At the time of this article, Ontario's education workers are on strike and Ontario's public schools are closed to students. It is important to note that teachers (licensed teachers) are not on strike and are not doing anything to close the schools. Ontario's school board's have decided that they cannot allow students into the physical school buildings without the education workers present. This is because education workers perform many essential tasks in schools. Some are custodians, who keep the buildings clean, heated and maintained. Others are educational assistants and child and youth workers who provide critical assistance to students with special needs that allow those students to attend schools. The presence of early childhood educators (ECEs) was factored into the determination of how large kindergarten classes can be, so the size of some classes is too large for a teacher alone to manage safely. Other workers provided supervision of students, prevent bullying, or tend to other tasks that are necessary for schools to operate.

With these (non-teacher) education workers providing services that are so critical to the functioning of the education system that the Ontario Government is trying to use the Notwithstanding Clause to take away their collective bargaining rights, people are asking about what about children's right to an education in Ontario?

Is there a right to an education in Ontario?

Children in Ontario do not have an absolute right to an education, or to any particular standard of education. The Canadian Charter of Rights and Freedoms does not give an explicit right to education. Neither does the Ontario Human Rights Code. Article 28 of the UN Convention on the Rights of the Child creates a right to a primary education, but does not specify what exactly that means or how it will be delivered. Canada ratified that convention, but the Canadian Constitution gives power over education to the provinces. The Ontario Government could make education a right, but has chosen not to do so. This is because there are a lot of differences of opinions of what a child's education should look like.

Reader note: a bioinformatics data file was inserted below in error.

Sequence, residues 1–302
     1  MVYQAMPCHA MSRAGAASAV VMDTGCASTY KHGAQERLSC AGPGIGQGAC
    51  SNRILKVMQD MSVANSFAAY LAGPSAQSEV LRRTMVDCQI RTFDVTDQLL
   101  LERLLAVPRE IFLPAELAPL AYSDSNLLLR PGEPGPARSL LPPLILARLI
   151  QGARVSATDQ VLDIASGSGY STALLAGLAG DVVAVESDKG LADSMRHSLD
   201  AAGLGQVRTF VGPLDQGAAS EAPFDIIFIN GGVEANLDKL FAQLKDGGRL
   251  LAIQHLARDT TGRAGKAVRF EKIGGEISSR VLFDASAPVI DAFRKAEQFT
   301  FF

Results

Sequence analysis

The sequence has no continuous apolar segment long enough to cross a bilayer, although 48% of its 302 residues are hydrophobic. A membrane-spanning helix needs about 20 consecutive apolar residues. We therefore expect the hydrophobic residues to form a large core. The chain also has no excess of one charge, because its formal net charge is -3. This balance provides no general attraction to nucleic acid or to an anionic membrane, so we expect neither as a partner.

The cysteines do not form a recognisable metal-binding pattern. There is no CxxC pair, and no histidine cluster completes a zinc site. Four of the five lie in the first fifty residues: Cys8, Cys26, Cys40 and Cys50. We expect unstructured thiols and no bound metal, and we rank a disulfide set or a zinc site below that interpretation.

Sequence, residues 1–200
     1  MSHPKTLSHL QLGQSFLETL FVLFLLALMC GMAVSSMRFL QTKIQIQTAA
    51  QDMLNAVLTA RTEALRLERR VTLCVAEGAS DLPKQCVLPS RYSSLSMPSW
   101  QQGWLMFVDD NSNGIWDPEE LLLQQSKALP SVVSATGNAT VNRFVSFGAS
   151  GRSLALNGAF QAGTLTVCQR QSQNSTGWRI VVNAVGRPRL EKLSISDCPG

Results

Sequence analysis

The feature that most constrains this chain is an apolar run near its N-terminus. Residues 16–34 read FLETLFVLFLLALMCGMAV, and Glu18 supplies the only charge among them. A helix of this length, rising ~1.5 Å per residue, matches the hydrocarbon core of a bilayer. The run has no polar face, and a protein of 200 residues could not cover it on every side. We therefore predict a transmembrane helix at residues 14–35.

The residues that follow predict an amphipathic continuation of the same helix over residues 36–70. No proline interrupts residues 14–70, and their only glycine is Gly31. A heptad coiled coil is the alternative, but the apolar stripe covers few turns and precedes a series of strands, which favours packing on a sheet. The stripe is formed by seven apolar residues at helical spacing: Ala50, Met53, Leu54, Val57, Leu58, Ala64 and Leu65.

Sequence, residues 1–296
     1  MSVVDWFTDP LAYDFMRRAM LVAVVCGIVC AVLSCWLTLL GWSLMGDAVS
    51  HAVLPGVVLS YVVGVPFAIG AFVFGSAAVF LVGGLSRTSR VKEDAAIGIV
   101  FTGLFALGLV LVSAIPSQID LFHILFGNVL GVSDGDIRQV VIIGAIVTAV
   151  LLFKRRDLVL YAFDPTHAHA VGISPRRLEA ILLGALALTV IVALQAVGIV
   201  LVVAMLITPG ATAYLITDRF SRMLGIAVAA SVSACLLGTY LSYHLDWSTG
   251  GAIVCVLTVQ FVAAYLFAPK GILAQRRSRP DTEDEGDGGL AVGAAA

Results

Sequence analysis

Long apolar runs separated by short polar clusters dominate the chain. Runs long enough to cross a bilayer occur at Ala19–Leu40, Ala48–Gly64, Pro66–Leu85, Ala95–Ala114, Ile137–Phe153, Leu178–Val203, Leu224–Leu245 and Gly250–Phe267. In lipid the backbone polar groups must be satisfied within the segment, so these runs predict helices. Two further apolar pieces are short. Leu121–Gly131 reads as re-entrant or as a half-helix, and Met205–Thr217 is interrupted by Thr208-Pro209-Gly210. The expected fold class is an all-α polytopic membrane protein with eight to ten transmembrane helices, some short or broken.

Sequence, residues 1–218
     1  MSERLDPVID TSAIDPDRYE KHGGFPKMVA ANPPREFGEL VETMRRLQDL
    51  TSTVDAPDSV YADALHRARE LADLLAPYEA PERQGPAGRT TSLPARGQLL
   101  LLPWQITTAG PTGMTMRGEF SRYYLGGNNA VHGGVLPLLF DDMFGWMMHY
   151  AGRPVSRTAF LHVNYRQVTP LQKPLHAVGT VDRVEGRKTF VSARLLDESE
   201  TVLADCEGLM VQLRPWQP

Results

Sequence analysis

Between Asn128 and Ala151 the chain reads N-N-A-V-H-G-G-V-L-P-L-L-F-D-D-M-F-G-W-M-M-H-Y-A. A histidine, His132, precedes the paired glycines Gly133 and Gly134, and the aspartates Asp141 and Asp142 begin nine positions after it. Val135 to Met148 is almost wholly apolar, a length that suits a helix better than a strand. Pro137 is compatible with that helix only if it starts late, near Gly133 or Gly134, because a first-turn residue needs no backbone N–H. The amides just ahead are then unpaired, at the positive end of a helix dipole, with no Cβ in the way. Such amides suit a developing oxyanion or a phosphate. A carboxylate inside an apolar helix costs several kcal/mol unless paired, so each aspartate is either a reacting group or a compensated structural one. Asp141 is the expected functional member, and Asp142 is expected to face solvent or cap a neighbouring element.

Why hasn't the Government of Ontario done more to make education a right?

There is no universal agreement over what a right to an education would look like, which means creating such a right would be difficult or impossible because of the controversy it would create. Some people want their kids to go to religious schools, other want their children to go to schools that teach particularly values or emphasize particular subjects, other parents want to homeschool their children, others want schools that are free to teach kids as they see fit without government interference. Consequently there are no absolute standards for an education or an absolute requirement to follow a particular curriculum. As illustrated by how private schools work in Ontario, there is no minimum standard for a school education in Ontario. It is only or students to get an Ontario Secondary School Diploma (OSSD), which is coveted around the world, that their school does need to meet some curriculum and evaluation requirements. But there are private high schools that do not grant OSSDs. Over the pandemic, and with the introduction of online high school courses, the Ontario Government has been clear that it going to school does not necessarily require going into a school building.

Are Child Legally Required to Go to School?

While there is no right to an education, section 21 of the Education Act creates a legal requirement that children over the age of six attend school full-time or be registered for home schooling by parents who agree to take on the task of providing an education (although no particular education) themselves. Education is more of a responsibility for students than a right. However, there is a lot of flexibility as to how students can receive their education – they can get it in a school, on-line, or at home.


There are some rights for students in the public education system. When any school or school board agrees to provide education to students, it is legally required to give every student, to the extent possible, equal access to the curriculum and the other services provided by the school. It must not discriminate and give some students preferential access or educational opportunities over other students. In other words, schools cannot discriminate when providing an education to students. Each student has an absolute right to have the same access to school services as other students.